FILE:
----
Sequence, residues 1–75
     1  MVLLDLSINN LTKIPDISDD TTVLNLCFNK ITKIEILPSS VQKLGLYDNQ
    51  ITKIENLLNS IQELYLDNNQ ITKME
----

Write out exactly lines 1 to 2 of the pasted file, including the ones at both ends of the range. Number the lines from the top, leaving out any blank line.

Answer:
Sequence, residues 1–75
     1  MVLLDLSINN LTKIPDISDD TTVLNLCFNK ITKIEILPSS VQKLGLYDNQ